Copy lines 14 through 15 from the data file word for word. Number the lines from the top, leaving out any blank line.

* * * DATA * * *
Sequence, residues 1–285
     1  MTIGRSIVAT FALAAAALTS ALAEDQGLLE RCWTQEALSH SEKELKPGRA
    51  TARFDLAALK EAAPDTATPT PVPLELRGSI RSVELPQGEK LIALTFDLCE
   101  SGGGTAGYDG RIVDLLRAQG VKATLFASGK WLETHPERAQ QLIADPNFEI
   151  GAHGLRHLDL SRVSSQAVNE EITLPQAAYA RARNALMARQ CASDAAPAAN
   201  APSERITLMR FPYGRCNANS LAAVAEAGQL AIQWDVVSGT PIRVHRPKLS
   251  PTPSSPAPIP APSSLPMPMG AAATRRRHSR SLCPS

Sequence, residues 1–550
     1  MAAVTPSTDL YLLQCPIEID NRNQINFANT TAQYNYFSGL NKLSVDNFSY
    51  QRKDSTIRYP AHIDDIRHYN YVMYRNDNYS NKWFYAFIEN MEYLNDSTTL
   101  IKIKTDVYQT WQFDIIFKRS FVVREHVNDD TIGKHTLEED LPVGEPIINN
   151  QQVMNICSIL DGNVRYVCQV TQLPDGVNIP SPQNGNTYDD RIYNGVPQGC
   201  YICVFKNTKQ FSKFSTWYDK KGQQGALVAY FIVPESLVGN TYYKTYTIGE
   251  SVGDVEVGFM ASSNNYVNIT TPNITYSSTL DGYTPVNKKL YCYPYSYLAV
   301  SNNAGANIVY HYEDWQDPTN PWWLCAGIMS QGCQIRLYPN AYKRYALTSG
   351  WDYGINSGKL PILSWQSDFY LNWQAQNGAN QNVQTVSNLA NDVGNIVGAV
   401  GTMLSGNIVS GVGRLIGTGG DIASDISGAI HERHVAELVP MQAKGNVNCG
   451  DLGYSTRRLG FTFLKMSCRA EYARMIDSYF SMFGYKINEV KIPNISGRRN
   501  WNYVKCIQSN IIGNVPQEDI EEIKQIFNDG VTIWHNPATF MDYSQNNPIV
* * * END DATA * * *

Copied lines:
   251  SVGDVEVGFM ASSNNYVNIT TPNITYSSTL DGYTPVNKKL YCYPYSYLAV
   301  SNNAGANIVY HYEDWQDPTN PWWLCAGIMS QGCQIRLYPN AYKRYALTSG